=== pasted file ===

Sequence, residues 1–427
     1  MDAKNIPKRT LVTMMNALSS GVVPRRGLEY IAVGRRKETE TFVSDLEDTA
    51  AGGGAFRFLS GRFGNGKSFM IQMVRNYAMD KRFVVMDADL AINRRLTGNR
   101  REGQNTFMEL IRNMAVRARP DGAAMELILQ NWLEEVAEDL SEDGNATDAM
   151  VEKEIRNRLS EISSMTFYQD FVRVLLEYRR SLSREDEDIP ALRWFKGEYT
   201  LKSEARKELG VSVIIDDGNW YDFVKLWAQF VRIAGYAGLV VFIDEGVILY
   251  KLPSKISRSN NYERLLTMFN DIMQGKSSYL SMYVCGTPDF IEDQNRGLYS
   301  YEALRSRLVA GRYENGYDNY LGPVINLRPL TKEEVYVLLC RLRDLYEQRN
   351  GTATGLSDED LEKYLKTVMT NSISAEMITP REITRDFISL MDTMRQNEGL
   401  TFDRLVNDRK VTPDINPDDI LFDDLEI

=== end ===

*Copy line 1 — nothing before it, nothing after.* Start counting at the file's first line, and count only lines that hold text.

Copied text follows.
Sequence, residues 1–427